With over 4 billion people using the internet around the globe, there is no denying the major role that it plays in our lives today. From social media to online shopping, education to planning and organization, we often overlook just how dependent we are on this marvel of technology.
With great power comes great responsibility, and the development and growth of the internet is no exception. As we continue to discover new uses for this technology in our lives, there is a great demand for regulation and control. For example, we have had to put laws in place to protect minors from potential exploitation with the sharing of their photos and videos, and careful regulation has been put into place to protect our personal information. However, it is often a fine line between keeping the general population safe and impeding upon our freedom of speech.
One cause of concern that the European Union has recently looked to address is the topic of copyright in today’s society. Online sharing has made it easier than ever to share creative works online, like music and videos, for free. This cuts drastically into the profit that musicians, film-makers and other creators receive from their hard work, as they are no longer receiving compensation for their creations. For example, many people will opt to download music for free online rather than paying for a CD or digital download.
In an effort to better regulate this concern, legislation was introduced in the European parliament designed to address the current copyright laws, updating them for our current digital age. Known as the ‘Copyright Directive’, this controversial legislation directly addresses the way that copyright works on the Internet, including the sharing of content on social media platforms like Facebook, and the use of hyperlinks on websites.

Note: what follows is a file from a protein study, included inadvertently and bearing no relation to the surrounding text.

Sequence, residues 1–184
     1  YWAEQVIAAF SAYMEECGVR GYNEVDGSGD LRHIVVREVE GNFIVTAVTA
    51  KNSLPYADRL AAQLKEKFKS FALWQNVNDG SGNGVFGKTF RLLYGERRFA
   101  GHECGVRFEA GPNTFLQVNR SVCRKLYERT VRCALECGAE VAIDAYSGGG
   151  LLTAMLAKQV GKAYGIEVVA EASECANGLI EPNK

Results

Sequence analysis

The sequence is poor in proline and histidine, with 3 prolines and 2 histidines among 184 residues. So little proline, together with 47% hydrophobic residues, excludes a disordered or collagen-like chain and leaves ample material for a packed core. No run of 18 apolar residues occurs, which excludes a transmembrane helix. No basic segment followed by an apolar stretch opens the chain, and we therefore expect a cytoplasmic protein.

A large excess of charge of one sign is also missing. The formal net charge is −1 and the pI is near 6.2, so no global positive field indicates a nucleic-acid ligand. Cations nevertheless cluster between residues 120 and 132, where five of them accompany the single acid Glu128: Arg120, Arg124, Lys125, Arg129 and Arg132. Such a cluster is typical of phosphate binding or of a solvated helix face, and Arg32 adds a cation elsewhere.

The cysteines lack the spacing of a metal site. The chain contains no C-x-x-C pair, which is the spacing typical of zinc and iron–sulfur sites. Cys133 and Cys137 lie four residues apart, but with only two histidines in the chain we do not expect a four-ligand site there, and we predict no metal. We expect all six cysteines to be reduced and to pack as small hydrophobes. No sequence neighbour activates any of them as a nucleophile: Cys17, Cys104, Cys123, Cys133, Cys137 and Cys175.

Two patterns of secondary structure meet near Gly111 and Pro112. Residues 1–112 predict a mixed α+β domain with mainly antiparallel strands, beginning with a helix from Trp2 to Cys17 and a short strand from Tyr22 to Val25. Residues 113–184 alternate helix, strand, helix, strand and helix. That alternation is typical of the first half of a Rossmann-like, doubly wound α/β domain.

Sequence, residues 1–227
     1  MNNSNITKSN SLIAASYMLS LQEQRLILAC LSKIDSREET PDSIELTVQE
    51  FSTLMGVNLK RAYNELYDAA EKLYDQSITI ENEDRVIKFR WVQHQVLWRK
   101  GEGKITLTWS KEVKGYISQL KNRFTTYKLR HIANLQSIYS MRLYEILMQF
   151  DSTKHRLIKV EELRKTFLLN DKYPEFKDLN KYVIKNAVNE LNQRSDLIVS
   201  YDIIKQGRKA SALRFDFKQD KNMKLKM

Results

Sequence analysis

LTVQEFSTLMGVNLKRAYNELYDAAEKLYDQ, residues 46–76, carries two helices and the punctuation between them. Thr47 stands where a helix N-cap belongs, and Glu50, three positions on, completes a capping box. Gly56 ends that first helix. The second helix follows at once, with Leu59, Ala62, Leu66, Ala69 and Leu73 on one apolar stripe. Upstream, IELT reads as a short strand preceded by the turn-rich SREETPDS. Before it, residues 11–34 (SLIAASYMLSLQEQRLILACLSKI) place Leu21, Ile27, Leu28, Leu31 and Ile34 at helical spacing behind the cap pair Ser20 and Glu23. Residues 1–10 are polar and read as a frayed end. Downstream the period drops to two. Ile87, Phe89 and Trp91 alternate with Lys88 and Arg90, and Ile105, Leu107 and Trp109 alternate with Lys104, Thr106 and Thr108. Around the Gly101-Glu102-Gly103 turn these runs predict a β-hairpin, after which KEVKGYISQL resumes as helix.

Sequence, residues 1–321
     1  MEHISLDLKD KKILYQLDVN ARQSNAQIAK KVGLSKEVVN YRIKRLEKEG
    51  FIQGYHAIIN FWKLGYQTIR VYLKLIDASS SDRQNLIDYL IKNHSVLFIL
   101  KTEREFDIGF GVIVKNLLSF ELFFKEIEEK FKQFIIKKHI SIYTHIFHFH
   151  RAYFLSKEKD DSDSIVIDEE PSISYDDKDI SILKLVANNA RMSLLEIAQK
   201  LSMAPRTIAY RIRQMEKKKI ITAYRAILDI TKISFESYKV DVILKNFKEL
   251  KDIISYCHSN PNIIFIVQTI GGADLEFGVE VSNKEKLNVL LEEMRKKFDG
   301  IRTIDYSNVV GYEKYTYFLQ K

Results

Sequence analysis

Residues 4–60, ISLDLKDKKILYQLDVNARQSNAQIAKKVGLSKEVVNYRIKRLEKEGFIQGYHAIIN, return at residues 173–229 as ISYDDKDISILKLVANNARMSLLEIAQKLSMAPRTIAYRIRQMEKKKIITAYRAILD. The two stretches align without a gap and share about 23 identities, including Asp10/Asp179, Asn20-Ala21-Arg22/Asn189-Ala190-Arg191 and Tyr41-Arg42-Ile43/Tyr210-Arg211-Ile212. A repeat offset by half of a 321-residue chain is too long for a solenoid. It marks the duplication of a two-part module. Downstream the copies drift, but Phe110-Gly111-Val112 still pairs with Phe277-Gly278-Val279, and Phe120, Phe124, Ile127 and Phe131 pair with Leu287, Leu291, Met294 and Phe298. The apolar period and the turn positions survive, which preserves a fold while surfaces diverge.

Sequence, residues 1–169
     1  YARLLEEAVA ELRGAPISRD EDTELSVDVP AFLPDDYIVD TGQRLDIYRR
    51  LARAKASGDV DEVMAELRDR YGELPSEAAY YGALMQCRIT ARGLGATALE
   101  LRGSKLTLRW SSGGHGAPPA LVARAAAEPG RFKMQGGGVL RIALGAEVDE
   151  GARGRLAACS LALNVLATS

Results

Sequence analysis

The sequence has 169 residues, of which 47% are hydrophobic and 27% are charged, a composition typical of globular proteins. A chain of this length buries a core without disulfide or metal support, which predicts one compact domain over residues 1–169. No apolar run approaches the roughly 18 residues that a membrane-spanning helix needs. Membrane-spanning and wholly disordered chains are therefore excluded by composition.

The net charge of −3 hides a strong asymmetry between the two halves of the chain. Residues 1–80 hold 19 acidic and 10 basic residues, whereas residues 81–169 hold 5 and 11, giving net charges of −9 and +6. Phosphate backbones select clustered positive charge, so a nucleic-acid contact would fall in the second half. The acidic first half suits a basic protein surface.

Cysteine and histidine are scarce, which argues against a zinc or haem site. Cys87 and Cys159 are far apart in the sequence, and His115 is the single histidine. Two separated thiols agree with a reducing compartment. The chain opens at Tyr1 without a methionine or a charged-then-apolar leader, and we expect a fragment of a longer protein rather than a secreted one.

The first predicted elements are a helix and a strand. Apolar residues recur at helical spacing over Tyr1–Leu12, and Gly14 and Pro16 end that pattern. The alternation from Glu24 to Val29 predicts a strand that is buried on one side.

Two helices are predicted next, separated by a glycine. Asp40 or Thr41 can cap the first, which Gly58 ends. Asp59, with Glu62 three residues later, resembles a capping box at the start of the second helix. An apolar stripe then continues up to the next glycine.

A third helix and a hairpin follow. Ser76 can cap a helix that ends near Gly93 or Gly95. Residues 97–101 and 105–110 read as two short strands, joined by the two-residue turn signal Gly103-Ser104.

Article 11 specifically addresses the use of links on websites, proposing the introduction of a ‘link tax’. This would mean that any companies interested in linking to other sites and articles on their website would have to pay for a license. While this would certainly help to limit the amount of content being linked, it could greatly hinder the sharing of information as we see it now. For smaller companies, the cost may be too much, discouraging them from linking to anything, even when it could be beneficial. This could, ultimately, lead to greater exposure to ‘fake news’ as one would simply have to foot the bill to share it globally, while those with access to the real information may be hindered from refuting them due to the cost of sharing these facts.
Meanwhile, Article 13 is designed to address the responsibility of publishers not only for their own content but also for content shared by users. For example, if you were hosting a website, and someone commented on an article that you wrote with a link to copyrighted material, you could be held liable.
YouTube’s Chief Business Officer Robert Kyncl recently spoke up about the risks of putting Article 13 into practice, stating that it will “potentially undermine this creative economy, discouraging or even prohibiting platforms from hosting user-generated content. This outcome would not only stifle your creative freedom, it could have severe, negative consequences for the fans, the communities and the revenue you have all worked so hard to create.”
The bill was voted for back in July 2018 and rejected. However, the amended versions of Articles 11 and 13 were once again put to vote, and with a result of 438 votes to 226, they were approved. While the bill will not be made an official law until the leaders of all EU member states sign off on it, the vote to back this legislation has left many concerned about what this may mean for the future of the internet. Could this be the start of a spiral towards widespread censorship? Only time will tell…